Command not found!

So you’re running through some instructions to configure software on your system, or troubleshoot some problem with a service and you see an error at the command line that says “command not found”. Here is how to locate the packages you need to install in order to use commands that are not available on your system.

CentOS/Red Hat – yum provides

Yum is an excellent package manager with lots of great built in functions. Using  yum provides <command> will output a list of packages that provide the command you are trying to run. Here is an example of the output.

sudo yum provides vgscan
Loaded plugins: fastestmirror
Loading mirror speeds from cached hostfile
 * base: repo1.sea.innoscale.net
 * epel: mirror.cogentco.com
 * extras: mirror.cisp.com
 * nux-dextop: mirror.li.nux.ro
 * updates: ftp.linux.ncsu.edu
7:lvm2-2.02.166-1.el7.x86_64 : Userland logical volume management tools
Repo        : base
Matched from:
Filename    : /usr/sbin/vgscan



7:lvm2-2.02.166-1.el7_3.1.x86_64 : Userland logical volume management tools
Repo        : updates
Matched from:
Filename    : /usr/sbin/vgscan

Another good thing about  yum provides is that it will also search for files. For example if you have a file on your system that you would like to match to a specific package or service  yum can get that information for you. For example you might not be sure which package installed the file /etc/sysconfig/authconfig  yum provides can get that information for you.

sudo yum provides /etc/sysconfig/authconfig
Loaded plugins: fastestmirror
Loading mirror speeds from cached hostfile
 * base: repo1.sea.innoscale.net
 * epel: mirror.cogentco.com
 * extras: mirror.cisp.com
 * nux-dextop: mirror.li.nux.ro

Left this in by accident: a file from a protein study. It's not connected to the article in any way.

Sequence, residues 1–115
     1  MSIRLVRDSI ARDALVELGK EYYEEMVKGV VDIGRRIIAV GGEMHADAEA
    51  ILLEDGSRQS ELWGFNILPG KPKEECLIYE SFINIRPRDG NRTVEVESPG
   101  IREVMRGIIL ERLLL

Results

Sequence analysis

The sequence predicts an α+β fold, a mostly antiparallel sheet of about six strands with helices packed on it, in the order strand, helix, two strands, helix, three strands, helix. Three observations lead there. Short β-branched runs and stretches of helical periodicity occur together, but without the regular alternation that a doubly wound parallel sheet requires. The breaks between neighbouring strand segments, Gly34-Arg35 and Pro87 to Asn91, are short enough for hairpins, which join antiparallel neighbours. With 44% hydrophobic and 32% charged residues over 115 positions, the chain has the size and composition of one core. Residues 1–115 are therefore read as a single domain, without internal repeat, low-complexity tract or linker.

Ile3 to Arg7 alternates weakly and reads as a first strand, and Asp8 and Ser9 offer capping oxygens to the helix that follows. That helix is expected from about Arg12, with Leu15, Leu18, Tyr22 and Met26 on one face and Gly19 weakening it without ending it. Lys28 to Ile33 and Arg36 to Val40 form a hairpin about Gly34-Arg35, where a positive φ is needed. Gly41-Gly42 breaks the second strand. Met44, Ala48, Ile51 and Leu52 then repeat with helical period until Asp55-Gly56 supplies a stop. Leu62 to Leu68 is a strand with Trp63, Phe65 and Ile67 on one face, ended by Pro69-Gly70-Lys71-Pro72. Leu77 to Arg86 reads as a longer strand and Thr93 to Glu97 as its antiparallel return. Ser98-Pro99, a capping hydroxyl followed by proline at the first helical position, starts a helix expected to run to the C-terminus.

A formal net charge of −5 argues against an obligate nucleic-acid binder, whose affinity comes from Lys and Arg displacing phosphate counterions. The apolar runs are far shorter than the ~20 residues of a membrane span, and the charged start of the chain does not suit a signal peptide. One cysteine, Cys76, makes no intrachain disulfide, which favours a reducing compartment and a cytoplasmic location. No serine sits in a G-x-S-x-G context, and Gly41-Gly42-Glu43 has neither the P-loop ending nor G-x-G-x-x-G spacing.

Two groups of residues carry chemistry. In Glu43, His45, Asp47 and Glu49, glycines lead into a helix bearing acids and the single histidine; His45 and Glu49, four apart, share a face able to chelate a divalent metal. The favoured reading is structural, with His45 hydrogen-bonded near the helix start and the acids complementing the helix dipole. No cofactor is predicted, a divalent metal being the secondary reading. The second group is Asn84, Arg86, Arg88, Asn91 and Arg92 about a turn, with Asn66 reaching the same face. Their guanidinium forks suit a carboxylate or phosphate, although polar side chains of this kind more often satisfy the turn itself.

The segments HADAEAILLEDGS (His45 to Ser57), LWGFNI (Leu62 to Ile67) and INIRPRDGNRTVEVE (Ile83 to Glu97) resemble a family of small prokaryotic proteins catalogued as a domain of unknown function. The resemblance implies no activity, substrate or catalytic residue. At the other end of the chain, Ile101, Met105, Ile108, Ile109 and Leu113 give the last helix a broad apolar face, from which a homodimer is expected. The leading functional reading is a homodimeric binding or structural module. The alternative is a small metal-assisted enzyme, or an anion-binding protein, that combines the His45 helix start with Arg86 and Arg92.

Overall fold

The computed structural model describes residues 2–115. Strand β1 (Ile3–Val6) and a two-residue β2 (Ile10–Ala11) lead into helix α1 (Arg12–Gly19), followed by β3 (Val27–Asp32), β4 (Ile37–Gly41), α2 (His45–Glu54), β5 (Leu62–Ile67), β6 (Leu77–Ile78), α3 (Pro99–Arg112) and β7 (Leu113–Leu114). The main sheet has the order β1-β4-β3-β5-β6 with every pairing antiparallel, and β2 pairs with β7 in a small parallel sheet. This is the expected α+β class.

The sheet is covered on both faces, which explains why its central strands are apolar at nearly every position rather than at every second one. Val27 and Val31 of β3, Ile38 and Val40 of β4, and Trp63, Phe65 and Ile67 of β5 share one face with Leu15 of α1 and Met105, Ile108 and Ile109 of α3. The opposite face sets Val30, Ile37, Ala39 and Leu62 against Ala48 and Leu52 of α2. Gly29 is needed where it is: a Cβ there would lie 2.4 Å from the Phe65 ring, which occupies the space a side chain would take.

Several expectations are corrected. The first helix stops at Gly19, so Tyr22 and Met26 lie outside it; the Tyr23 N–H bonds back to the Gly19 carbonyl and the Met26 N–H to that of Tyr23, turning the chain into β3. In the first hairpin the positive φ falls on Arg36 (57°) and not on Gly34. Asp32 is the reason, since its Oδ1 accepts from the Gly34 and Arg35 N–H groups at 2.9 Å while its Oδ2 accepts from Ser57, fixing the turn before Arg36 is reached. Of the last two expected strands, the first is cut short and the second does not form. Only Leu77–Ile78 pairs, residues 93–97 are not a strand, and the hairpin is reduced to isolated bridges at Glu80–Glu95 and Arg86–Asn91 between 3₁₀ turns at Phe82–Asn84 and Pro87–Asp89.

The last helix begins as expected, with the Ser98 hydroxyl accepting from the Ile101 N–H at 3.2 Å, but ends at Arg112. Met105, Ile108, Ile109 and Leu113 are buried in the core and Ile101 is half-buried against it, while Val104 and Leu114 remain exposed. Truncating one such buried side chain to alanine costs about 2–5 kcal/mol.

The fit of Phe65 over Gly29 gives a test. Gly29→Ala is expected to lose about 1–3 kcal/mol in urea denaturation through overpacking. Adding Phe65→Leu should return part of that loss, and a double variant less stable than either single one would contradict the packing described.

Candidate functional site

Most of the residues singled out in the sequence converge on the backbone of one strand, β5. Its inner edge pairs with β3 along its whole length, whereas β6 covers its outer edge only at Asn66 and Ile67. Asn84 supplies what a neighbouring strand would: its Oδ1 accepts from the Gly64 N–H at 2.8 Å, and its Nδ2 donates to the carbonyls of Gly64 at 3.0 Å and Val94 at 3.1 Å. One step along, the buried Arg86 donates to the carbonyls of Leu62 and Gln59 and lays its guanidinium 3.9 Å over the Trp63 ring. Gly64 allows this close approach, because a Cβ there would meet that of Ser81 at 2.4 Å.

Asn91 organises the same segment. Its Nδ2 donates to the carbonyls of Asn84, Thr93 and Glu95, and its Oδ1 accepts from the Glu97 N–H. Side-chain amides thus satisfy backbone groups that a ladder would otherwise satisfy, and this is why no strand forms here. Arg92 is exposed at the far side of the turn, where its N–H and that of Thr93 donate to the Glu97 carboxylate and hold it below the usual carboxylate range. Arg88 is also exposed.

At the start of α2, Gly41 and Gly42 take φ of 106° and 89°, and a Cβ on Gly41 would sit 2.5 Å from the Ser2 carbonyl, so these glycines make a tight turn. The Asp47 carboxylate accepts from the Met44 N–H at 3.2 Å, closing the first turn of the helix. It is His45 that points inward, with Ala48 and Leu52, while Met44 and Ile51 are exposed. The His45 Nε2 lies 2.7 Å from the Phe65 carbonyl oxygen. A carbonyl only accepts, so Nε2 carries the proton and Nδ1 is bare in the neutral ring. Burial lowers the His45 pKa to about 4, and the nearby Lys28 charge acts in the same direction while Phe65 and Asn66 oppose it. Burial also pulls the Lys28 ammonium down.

* updates: ftp.linux.ncsu.edu
authconfig-6.2.8-14.el7.x86_64 : Command line tool for setting up authentication from network
                               : services
Repo        : base
Matched from:
Filename    : /etc/sysconfig/authconfig



authconfig-6.2.8-14.el7.x86_64 : Command line tool for setting up authentication from network
                               : services
Repo        : installed
Matched from:
Filename    : /etc/sysconfig/authconfig



authconfig-6.2.8-10.el7.x86_64 : Command line tool for setting up authentication from network
                               : services
Repo        : @base
Matched from:
Filename    : /etc/sysconfig/authconfig

 

Ubuntu

With Ubuntu 14.04 and up you don’t need to run a special command to find a program. For instance if you try to run the command  sar without having first installed sysstat you will see the following message:

luke@test-srv01:~$ sar
The program 'sar' can be found in the following packages:
 * sysstat
 * atsar
Try: sudo apt-get install <selected package>

It even tells you how to install the packages you need at the end of the message. Assuming you read the error messages you get when something doesn’t work…. Some of us may or may not be guilty of neglecting to pay attention to error messages.

OpenSUSE/Suse Enterprise Linux – cnf

Similar to Ubuntu running a command that doesn’t exist on your system will provide a suggestion to find the command you need.

luke@test-srv02:~> sar
If 'sar' is not a typo you can use command-not-found to lookup the package that contains it, like this:
    cnf sar

OpenSUSE suggests that we run another command (cnf) to find our package.

luke@test-srv02:~> cnf sar
                   
The program 'sar' can be found in the following package:
  * sysstat [ path: /usr/bin/sar, repository: zypp (SMT-http_smt-ec2_susecloud_net:SLES12-SP2-Pool) ]

Try installing with:
    sudo zypper install sysstat

Suse like Ubuntu gives us a suggestion to install sysstat and even provides the full command to get it. A simple copy and paste should be enough to get the package you want and get back to work.

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